Takoyaki: a popular Japanese snack, basically a fried battered octopus ball. Tako / たこ / 蛸 means “octopus” and the suffix -yaki / 焼き refers to how it’s cooked.
Yes, that’s right: there are no Japanese characters in this song’s title; it’s just “TAKOYAKI”. She does that for a few of her songs.
In my opinion, TAKOYAKI is one of her cuter songs, and a few months ago, I would have said this was her cutest. Is it still? I’m not sure, but it’s still cute nonetheless. After all, it’s a song about wanting to eat takoyaki.
With Christmas just “around the corner”, I figured this would be an appropriate song to post.
“Boku no Christmas” is a fun little piece from Oku Hanako’s 2008 single “Anata ni Suki to Iwaretai”. I don’t know what it is, but there’s just something about this song that makes it so cute to listen to.
Or, if you’d prefer, you can watch her sing it live in a 2009 concert. I don’t expect this video to be up for very long before it gets taken down, so enjoy it while it’s here! I wouldn’t normally put up something so short-lived because of this, but this one was just too good to keep to myself.
Cinderella: Oku Hanako’s 12th single, released on January 11, 2011. The fun and upbeat feel of this song is almost deceiving: this is a sad love song (almost made me cry reading the translation, actually; yes, there’s a translation available at the end of this post). Even Oku Hanako says so: 「歌詞は切ないけど、曲は明るく。」 (“The lyrics are sad, but the song is bright”). The speaker likens herself to Cinderella in that she had a man who truly loved her, but she still chose to break up the relationship anyway for whatever small reason (perhaps accidentally, in this case?).
Quite the video, I must say. She plays the piano in the cold (her fingers got really cold) and the scenes even match up with the lyrics.
There’s a slightly different feel to it when you know what the song says (perhaps not so different if you’re already familiar with Hana-san’s style). Her tone of voice and the strings add that touch of sadness that the song conveys. On top of that, the almost-bright feel to the song can be representative of the fun times the speaker had with her lover, and may also suggest that things will work out in the future. Overall, well done!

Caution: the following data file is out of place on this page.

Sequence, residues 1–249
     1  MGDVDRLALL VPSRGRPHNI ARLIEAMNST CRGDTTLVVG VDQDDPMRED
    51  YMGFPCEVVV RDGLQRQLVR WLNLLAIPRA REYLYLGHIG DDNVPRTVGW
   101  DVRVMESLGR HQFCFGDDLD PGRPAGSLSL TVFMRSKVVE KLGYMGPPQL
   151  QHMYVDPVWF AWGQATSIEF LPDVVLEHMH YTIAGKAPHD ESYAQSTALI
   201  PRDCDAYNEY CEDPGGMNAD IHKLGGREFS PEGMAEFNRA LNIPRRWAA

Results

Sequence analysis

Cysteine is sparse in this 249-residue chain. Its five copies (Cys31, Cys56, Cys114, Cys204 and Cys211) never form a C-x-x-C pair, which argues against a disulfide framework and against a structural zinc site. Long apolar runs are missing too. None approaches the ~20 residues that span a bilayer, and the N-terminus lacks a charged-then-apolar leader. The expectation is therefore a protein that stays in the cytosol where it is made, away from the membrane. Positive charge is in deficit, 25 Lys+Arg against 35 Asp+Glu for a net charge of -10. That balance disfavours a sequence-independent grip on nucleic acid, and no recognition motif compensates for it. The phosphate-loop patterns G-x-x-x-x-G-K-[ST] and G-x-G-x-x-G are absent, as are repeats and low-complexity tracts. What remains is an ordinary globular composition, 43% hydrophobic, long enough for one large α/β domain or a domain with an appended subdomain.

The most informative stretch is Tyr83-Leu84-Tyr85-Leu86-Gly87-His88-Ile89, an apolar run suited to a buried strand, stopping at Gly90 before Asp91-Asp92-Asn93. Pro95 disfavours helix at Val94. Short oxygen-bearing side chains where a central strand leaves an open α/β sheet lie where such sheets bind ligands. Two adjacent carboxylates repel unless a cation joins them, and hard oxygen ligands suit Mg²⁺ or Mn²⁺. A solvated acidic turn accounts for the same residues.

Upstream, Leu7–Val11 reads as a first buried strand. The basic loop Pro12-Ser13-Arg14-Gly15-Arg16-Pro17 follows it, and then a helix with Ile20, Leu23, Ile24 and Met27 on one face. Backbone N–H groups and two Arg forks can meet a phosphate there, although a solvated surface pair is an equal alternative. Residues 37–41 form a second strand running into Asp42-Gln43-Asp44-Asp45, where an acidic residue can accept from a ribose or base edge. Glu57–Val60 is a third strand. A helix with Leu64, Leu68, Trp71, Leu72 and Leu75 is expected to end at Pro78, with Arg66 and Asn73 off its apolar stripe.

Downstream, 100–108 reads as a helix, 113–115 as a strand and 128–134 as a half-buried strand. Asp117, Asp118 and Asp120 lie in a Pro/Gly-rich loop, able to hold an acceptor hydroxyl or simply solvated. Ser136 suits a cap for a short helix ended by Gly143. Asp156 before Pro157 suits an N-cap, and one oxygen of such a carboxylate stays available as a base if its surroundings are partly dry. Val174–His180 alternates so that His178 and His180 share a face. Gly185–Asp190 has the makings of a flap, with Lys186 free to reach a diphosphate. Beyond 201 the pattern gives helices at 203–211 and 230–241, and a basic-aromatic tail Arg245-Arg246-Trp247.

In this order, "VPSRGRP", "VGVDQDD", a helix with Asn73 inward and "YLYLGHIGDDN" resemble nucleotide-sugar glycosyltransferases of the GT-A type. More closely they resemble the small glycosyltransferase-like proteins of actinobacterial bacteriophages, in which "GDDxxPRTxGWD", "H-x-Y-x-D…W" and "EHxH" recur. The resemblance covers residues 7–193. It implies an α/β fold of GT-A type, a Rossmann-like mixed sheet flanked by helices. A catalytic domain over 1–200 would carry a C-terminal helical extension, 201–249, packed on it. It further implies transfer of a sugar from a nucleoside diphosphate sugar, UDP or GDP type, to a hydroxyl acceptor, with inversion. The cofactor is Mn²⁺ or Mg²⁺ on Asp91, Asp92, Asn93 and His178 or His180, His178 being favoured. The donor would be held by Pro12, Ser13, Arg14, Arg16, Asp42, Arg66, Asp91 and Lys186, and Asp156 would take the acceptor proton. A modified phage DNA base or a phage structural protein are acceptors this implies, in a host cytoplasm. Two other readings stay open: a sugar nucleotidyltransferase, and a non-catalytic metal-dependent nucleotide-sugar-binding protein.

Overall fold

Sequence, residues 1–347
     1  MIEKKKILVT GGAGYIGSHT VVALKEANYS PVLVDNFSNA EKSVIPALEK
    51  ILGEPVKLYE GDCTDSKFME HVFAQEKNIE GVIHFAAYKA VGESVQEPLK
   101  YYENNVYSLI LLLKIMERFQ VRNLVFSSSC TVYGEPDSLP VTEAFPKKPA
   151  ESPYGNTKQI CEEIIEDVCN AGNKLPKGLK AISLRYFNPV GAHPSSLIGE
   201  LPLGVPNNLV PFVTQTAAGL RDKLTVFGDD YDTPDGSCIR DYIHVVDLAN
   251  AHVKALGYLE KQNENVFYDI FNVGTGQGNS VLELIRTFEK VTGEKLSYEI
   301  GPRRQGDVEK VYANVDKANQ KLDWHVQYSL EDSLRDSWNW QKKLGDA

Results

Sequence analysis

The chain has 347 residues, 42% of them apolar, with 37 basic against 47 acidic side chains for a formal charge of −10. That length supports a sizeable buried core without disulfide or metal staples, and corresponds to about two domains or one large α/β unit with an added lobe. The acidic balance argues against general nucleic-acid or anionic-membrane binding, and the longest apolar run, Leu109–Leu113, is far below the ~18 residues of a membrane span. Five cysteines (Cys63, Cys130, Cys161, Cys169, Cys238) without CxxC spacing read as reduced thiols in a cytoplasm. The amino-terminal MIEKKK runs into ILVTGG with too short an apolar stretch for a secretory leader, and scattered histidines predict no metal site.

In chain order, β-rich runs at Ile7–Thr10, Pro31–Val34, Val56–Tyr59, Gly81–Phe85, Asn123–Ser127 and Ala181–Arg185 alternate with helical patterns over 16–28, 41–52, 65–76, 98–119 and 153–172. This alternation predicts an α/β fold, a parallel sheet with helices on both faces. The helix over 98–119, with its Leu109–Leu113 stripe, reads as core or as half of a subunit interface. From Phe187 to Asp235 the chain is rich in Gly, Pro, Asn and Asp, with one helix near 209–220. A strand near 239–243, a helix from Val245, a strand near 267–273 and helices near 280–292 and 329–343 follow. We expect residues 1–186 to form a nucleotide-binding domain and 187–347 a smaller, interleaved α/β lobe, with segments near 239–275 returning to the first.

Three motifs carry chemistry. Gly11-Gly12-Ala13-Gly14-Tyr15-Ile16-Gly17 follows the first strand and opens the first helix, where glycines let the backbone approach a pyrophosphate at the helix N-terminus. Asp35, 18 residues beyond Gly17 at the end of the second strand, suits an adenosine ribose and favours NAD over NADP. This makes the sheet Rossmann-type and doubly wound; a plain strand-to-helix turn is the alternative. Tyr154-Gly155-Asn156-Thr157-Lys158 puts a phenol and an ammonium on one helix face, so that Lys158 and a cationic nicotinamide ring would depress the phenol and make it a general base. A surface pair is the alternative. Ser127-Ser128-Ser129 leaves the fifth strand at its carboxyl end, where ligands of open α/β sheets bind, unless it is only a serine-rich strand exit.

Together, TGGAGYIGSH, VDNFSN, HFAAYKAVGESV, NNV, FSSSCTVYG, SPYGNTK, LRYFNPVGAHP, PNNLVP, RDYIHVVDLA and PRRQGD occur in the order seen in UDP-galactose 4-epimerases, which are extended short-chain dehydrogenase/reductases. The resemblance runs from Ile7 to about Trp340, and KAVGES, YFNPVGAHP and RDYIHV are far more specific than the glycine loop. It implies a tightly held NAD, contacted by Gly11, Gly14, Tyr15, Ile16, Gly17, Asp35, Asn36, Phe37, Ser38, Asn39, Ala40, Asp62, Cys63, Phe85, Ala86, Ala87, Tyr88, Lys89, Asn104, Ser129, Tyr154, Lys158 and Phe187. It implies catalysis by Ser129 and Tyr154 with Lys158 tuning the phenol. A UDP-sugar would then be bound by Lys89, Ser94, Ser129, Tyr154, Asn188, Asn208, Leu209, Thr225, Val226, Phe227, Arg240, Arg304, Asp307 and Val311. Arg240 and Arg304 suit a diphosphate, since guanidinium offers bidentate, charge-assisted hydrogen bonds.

“You’re kidding! Wow, I can’t believe it…. Ha, ha ha!”. That was my reaction when I found this song (I’m not sure you can tell, but I was very happy). Can you tell why? Here’s a hint: go look at the track list for Oku Hanako’s upcoming single, Fuyu Hanabi.
There it is: track 3, Nukumori / ぬくもり . If you’re familiar with her discography, you’ll know she hasn’t released any songs called Nukumori. Because of that, you’d think that this is a new song, and admittedly, that’s what I thought, too.
While searching Nico Nico Douga[jp] for Oku Hanako songs that I may not have been aware of, I came across a video featuring clips[jp] of some of her radio songs (also part 2[jp]). Oku Hanako hosted a half-hour weekly radio talk segment on the station bayfm[jp] called Kame Kame House / カメカメハウス[jp] (lit. “turtle house”; later renamed Lagan de Talk! in 2010). She would often sing a song during the segment, sometimes even bringing her keyboard into the studio, playing and singing live.
The Japanese Wikipedia has an article[jp] on her show, listing all the songs that have been broadcast on the show.
Unexpectedly, one of those songs was Nukumori, broadcast on March 12, 2006. Knowing someone would have posted something on Nico Nico Douga, I made a quick search, and sure enough, I found a video.
My prediction was right: this will be a hikigatari track, or at the very least, lightly arranged with strings and possibly light drums. It’s unlikely that she’ll release a new song with the same name, because I know she remembers all her songs. At least two of the songs on the third disc of Oku Hanako BEST, the disc advertised as “unreleased” songs, were actually resung and arranged versions of previously performed songs. The songs in question are Oshibana / 押し花 and Gekkou / 月光 . Oshibana was performed in a concert, released as her 2009 DVD Mochiron Hitori De Hikigatari! / もちろん一人で弾き語り! , and perhaps earlier on her radio show. Gekkou was a song on her debut mini album, Ai no Shizuku / 愛のしずく , released in 2000. Following the trend, I expect the same to happen to Nukumori.
My prediction that the title song of her upcoming single, Fuyu Hanabi / 冬花火 , is going to be an arranged song more on the heavy side now has more evidence that suggests it.
According to the description she wrote on the announcement at Excite Music, Fuyu Hanabi is a sad love song; the lyrics describe the feelings of a girl experiencing unrequited love, which are likened to fireworks: vivid, scattered/broken, and growing larger as time passes.
Funny, this reminds me of Kataomoi / 片思い (2005, vol.best) and Hatsukoi / 初恋 (2010, Hatsukoi / 初恋). She seems to have a thing for writing lyrics like these. Perhaps she writes from experience? The best works often come from the artist taking inspiration from a first-hand experience.
I may not be able to fully appreciate any of the lyrics she writes, but I can tell they are beautiful works of poetry.